So how DO you build an object with software and then 3D print it? We tackled this demo with some help from the founders of 3DOrchard at another family-friendly event at the High Museum. Read on for an indepth look at how this start-up company is “trying to start a movement.”
3D Printing and 3DOrchard at the High Museum
By Paulette Richards
The first day of Spring found the Decatur Makers back at the High Museum for the Atlanta Science Festival. Since Iris van Herpen’s collection of 3D printed fashions will be on display through May 15th, the High asked for another 3D printing demonstration. This time the Makers invited 3DOrchard to present the beta version of their crowdsource design platform so that patrons could learn more about the Computer Aided Design phase of the 3D printing process.
Preston Ladds and Chris Goode set up the Lulzbot to print flop-eared bunnies and Chris Monaco supervised the giant 3D printed spirograph.
Meanwhile I had the opportunity to talk with Dan Meisner and Eric Sherouse, two of 3DOrchard’s three founders.
They shared their exciting vision of a future in which anyone with an internet connection will be empowered to design and build anything using 3D printing technology.
The 3DOrchard software is a fully functioning CAD tool that offers features similar to Solidworks or Autodesk products only it is an open source platform that runs in Google Chrome where anyone with an internet connection can access it for free. The designers have intentionally created a clean screen with point and click functionality so that users can readily master the essential tools without getting lost in a sea of pull-down menus.
Each project created in 3DOrchard falls under Creative Commons and the save points for each project are readily accessible so that anyone can view and modify any version of a design. At the end of a design session, users can download the file and send it to their own 3D printer or they can scroll through a list of local 3D printing hubs that are part of 3DOrchard’s network to have the product fabricated with their desired materials and price point.
After completing a Master’s in Mechanical Engineering with a specialization in automation and robotics, Dan spent three months traveling around Europe. On his return to the States he spent six months working on a science fiction novel as a way of envisioning answers to some of his long-standing questions. With nanotechnology evolving towards the ability to split off carbon molecules and use them to build atom by atom, however, he saw that the idea of 3D printers that will one day manufacture things out of thin air is not farfetched fiction but an opportunity for people all over the world to build a positive future together.
Around the same time Dan’s friend, Patrick, also developed the conviction that CAD should be for everyone so the three friends began doing market discovery for a software platform that could “plug the mind of the internet into social inventing.”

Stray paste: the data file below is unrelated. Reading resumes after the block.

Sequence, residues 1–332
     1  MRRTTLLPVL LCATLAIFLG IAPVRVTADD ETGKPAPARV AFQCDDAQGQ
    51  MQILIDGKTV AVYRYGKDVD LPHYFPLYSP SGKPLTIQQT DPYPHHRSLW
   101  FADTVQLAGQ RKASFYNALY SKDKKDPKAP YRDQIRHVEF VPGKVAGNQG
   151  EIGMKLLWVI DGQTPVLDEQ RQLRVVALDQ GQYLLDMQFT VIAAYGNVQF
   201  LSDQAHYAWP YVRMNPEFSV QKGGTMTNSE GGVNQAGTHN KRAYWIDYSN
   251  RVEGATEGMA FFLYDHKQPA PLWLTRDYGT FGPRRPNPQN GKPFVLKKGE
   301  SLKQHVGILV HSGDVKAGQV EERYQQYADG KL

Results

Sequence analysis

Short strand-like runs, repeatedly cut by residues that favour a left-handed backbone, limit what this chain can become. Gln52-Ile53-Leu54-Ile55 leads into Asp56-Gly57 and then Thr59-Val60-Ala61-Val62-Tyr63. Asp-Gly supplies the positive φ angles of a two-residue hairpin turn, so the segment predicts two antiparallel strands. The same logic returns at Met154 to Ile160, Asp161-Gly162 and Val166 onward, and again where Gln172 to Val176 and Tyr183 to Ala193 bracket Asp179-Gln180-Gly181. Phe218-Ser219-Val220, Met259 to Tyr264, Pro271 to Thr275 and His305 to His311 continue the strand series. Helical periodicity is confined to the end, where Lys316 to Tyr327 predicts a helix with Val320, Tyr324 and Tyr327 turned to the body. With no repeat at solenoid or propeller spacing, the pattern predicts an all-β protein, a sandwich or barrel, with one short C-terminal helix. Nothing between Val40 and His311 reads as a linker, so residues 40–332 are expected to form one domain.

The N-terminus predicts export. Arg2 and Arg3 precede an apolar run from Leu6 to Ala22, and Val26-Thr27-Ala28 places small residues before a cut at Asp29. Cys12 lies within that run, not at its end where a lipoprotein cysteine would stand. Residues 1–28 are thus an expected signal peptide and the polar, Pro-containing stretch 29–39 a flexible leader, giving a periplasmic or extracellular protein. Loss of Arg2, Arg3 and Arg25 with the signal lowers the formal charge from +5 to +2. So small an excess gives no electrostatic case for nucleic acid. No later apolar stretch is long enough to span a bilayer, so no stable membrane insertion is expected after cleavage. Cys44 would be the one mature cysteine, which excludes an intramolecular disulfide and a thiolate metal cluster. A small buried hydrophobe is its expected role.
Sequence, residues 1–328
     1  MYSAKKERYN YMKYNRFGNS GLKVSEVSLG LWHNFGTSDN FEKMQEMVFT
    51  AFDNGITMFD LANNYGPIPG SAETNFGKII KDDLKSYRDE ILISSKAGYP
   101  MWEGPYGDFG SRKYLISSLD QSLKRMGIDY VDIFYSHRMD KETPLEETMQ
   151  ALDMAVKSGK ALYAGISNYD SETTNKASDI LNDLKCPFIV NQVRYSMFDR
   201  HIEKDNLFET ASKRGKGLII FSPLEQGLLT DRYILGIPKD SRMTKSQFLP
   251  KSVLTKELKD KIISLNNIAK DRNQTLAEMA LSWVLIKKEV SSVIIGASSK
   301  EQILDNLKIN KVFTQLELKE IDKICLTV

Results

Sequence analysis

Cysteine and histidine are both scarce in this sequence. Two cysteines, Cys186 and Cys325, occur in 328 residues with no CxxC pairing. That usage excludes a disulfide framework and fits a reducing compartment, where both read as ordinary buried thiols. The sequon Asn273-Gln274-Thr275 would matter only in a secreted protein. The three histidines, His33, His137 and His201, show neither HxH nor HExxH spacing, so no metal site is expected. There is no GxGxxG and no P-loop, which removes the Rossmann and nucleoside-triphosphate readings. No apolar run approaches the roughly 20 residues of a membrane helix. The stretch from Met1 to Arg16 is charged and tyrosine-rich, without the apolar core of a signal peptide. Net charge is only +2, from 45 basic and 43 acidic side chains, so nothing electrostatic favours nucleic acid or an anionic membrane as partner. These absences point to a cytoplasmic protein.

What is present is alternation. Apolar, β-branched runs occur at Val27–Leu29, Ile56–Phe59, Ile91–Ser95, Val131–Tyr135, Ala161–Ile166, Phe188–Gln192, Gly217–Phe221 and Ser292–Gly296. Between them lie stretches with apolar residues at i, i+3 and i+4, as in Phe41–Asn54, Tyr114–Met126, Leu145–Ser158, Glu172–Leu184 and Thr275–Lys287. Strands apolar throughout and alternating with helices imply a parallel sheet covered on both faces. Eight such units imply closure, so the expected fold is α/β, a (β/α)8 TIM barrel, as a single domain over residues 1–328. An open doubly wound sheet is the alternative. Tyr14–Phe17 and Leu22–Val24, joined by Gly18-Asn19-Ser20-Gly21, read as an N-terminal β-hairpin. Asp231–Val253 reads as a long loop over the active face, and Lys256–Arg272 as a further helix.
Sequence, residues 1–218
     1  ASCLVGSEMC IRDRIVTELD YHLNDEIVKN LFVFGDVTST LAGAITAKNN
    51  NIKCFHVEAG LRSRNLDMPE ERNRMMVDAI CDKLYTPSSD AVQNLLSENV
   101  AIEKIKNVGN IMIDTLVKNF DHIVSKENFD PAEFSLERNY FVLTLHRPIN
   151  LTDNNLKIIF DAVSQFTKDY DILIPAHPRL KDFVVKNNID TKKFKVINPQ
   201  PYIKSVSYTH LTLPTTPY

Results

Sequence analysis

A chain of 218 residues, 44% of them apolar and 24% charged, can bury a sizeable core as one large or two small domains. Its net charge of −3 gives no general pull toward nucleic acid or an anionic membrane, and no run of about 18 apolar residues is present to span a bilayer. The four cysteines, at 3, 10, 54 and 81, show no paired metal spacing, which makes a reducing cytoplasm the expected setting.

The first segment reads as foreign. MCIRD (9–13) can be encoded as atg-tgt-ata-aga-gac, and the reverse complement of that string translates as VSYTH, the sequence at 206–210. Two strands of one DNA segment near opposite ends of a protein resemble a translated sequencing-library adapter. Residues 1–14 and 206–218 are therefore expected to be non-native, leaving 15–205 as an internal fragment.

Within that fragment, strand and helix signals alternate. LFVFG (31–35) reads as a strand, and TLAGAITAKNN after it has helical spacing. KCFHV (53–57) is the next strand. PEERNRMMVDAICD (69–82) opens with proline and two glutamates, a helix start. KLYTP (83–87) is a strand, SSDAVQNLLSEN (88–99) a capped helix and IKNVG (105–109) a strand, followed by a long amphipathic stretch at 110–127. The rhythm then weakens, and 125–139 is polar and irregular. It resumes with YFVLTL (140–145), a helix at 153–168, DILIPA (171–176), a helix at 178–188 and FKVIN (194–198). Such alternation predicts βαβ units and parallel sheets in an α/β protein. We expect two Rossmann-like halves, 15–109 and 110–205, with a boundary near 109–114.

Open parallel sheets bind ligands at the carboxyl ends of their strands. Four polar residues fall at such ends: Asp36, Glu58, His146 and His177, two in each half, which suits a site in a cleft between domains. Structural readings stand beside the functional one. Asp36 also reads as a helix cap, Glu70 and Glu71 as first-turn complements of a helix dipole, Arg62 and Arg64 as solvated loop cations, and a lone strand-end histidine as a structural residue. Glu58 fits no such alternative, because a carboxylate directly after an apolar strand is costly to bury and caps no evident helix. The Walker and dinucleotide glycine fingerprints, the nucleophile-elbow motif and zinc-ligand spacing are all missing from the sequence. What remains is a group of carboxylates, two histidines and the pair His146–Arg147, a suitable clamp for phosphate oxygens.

Eric is a software engineer who first met Dan at New Mexico Tech before he transferred to Georgia Tech. “I’ve always been very curious,” he says, “if I could boil down my single algorithm it would be to figure out the meaning of the universe.” After graduation he worked in cyber security for a few years but ultimately quit his job to devote himself to 3D Orchard full time. When I asked the co-founders why they had given up the comfortable lifestyles their engineering skills could have earned them, Eric replied, “When you are obsessed with something, the sacrifice is immaterial.”
The partners are clear that their start-up is a for-profit business but they are determined to do business in a different way. Beta testing at the High was an opportunity for them to see how people would respond to the software and to learn what they could do to make it more user-friendly. They are committed to giving the software away because they believe that instead of engineers developing designs in siloed groups for governments and corporations to then impose on people, design should be a democratic process in which trained engineers help people realize the solutions they define for themselves. In their model, 3DOrchard will sustain itself by taking a small commission for the use of the platform they are building but their ultimate goal is for that platform to help people solve significant world problems like the grand challenges XPrize (http://www.xprize.org/) has outlined in the areas of Exploration, Global Development, Energy & the Environment, Learning, and Life Sciences.
Where parents once advised children to prepare for careers in STEM fields as a means of securing stable, well-paid employment, Dan and Eric look up to projects like WikiHouse (http://www.wikihouse.cc/) and OpenSourceEcology (http://opensourceecology.org/) as examples of how competency in STEM disciplines can “enable everyone to build a better tomorrow.” Fortunately today’s youth seem better prepared to grasp the technology and design concepts embodied in 3DOrchard. “Kids these days think differently from adults,” Dan observed and indeed, as Eric walked me through the process of drafting an object in the 3DOrchard platform, crowds of children began to gather around the computers. My effort to draw a classically proportioned human figure quickly morphed into a caped crusader as the Minecraft generation added their input to the design.
Next Chris Goode obligingly loaded the file in the Lulzbot’s print queue and in less than five minutes, we witnessed digital technology turning information into a physical object.
Although superheroes are typically lone wolves who use superhuman powers to save hapless humans, feel free to modify the design and print your own caped crusader for the visionary young designers at 3DOrchard are working to unleash the superhuman power of crowdsourced design. “We’re trying to start a movement,” they say.